An environmentally sensory public sculpture acting as a visual indicator of our changing climate.
A sculpture pitch for the Piece Hall in Halifax. A space once used for the trade of cloth, now for the trade of ideas.
The darning needle is the most primitive and ever-present textile tool. Used by mankind since pre-historic times when bone needles threaded sinew to join pelts, it is still an essential part of the textile industry today. It is symbolic of the skilled handiwork behind-the-scenes in the textile industry, where darners and menders repair sections of cloth before the final piece is ready for distribution. This simple tool can be a huge driver in waste reduction. It contributes to a more sustainable supply chain, whilst allowing consumers to extend the lifespan of textile products.
With humanity’s attitude to waste having a devastating impact on the planet, increasing carbon emissions and consequently global warming. The humble darning needle embodies the seemingly forgotten importance of caring for material items, repairing and maintaining rather than disposing of and replacing.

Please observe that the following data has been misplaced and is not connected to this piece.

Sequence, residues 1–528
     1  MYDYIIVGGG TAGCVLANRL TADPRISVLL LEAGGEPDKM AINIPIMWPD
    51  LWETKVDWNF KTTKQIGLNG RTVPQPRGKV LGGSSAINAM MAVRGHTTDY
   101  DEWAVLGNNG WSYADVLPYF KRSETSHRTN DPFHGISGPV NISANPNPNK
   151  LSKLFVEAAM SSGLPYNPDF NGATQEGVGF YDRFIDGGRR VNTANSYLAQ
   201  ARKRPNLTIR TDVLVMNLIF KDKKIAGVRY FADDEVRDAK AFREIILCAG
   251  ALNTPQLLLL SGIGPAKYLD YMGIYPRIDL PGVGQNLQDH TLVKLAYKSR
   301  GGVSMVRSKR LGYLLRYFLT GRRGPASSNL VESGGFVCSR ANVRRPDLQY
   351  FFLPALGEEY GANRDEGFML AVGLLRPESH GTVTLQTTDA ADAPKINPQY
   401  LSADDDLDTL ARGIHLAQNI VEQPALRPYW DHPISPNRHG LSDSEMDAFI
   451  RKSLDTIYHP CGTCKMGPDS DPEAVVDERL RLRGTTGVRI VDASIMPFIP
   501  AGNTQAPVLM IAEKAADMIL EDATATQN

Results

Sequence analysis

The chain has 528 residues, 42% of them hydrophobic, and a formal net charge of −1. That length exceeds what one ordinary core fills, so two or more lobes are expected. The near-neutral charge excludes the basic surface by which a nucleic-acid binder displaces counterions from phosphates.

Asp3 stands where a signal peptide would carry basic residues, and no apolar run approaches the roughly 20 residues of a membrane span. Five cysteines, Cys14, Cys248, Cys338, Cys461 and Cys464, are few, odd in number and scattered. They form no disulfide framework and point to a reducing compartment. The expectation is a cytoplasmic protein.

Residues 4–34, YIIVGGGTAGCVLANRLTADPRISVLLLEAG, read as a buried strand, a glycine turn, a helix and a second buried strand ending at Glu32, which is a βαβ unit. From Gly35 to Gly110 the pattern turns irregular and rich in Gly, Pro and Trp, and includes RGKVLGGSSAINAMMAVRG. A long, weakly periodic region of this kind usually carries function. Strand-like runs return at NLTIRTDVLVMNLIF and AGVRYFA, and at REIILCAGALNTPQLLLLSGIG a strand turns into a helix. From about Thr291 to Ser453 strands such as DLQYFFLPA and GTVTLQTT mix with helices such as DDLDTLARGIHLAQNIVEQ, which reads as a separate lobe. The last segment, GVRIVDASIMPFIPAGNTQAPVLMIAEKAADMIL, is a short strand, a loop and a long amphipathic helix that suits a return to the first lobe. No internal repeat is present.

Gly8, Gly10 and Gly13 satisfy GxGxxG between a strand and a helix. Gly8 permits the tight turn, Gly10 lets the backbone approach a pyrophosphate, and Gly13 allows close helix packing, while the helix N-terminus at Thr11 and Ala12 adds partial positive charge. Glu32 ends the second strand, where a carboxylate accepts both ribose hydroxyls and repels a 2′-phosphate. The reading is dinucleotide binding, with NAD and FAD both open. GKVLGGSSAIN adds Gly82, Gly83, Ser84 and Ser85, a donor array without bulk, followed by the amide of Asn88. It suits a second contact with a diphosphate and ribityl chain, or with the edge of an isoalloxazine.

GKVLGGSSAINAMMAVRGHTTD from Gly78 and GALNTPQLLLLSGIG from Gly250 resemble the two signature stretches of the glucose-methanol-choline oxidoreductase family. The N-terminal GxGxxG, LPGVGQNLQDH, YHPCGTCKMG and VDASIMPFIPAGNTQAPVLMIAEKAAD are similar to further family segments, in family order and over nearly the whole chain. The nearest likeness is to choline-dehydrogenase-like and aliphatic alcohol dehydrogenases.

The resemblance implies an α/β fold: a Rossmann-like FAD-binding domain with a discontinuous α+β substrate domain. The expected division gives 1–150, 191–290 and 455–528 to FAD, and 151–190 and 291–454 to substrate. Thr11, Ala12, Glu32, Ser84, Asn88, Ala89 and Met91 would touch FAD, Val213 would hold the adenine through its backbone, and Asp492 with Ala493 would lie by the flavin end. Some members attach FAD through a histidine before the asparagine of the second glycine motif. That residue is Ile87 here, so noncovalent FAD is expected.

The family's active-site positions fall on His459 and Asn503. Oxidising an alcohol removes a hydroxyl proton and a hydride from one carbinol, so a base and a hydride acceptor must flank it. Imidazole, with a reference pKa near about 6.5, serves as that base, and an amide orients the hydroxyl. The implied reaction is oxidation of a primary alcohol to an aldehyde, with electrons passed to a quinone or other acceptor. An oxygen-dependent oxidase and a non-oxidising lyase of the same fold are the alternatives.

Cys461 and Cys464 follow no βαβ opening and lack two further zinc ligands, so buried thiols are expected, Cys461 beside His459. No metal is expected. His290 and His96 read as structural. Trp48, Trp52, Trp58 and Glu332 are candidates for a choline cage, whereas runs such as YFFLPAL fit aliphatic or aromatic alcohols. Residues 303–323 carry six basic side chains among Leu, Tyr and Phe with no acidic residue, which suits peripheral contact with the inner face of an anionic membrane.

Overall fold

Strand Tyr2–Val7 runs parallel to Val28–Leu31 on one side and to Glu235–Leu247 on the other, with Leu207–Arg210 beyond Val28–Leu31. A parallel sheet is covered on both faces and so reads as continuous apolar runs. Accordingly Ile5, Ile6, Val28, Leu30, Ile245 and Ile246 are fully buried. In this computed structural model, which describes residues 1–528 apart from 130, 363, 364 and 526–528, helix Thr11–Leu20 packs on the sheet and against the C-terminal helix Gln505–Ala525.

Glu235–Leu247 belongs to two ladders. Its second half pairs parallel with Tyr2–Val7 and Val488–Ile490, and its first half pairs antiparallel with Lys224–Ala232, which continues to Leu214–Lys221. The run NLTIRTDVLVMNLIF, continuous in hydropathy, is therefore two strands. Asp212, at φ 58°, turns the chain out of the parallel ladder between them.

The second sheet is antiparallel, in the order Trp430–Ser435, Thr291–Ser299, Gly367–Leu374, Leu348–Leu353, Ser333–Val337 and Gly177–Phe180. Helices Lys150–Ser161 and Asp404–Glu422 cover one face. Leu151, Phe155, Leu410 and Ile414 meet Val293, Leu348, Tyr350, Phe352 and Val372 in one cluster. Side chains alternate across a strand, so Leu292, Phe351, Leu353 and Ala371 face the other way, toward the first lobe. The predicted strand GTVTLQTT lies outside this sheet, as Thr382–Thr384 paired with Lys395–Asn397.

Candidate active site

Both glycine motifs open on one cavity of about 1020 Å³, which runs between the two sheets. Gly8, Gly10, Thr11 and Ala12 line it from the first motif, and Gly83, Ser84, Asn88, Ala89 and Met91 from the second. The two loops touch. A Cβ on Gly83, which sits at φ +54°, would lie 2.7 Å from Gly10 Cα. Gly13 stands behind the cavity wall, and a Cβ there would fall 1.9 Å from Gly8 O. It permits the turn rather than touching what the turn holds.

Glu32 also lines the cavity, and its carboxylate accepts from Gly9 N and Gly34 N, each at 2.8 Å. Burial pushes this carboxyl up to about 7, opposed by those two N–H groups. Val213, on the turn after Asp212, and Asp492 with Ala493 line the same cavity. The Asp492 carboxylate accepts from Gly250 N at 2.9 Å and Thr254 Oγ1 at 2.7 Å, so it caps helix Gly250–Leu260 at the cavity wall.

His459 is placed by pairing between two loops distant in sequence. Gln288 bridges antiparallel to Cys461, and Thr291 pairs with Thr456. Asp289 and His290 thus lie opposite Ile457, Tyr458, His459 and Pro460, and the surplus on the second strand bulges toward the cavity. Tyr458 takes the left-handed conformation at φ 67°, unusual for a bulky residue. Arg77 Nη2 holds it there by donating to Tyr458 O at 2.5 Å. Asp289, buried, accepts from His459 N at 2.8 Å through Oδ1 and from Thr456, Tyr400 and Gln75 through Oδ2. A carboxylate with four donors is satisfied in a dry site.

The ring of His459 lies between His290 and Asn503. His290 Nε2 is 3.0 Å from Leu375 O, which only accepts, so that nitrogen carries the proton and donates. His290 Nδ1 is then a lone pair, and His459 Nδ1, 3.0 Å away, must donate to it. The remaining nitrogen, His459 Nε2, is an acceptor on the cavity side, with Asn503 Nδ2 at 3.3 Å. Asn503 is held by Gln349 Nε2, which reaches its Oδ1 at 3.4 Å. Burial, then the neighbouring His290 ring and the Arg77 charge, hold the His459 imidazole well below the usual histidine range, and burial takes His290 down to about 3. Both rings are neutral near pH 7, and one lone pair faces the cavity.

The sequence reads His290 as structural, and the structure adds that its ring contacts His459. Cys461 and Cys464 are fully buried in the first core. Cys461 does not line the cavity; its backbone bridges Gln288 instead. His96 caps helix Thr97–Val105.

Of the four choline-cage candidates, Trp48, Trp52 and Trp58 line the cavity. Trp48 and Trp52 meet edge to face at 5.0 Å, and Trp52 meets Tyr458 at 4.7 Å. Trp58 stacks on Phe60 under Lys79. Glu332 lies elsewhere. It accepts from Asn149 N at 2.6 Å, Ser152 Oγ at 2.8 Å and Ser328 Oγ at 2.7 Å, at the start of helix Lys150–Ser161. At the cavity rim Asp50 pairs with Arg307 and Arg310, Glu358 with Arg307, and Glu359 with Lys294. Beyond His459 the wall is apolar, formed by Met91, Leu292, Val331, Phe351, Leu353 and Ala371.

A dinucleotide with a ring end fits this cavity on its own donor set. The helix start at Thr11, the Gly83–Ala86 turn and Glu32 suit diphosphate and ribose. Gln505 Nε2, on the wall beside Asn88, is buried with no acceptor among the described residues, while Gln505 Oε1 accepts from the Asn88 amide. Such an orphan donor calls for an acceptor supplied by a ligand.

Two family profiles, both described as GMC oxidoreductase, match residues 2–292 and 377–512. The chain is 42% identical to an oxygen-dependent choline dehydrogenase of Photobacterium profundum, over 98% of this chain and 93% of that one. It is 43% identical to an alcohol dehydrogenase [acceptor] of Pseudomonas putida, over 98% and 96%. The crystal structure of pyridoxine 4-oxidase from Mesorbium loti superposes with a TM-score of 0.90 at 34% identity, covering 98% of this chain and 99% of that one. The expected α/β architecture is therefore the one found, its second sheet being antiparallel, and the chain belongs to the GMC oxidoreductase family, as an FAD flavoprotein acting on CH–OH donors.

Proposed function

The positioning and construction of the darning needle mimics a sundial, while the use of photochromic, thermochromic and hydrochromic technologies indicate the constant and fragile changing states of our environment. This daily shift in colour will act as a reminder to remain mindful of our own individual daily actions that contribute positively / negatively toward Global shifts in our climate. One Degree is in reference to the race against time to avoid even one degree rise of warming above pre-industrial temperatures. We must work together to avoid reaching irreversible tipping points.
As such, this work intends to provoke discussion around sustainability, waste reduction and climate change. As time passes, global warming of even one degree could be catastrophic for the planet. Such discussion can stimulate the urgent shift in attitude needed, turning audiences to the principles locked within the darning needle, needed for the survival of humanity and our our planet. as we know it.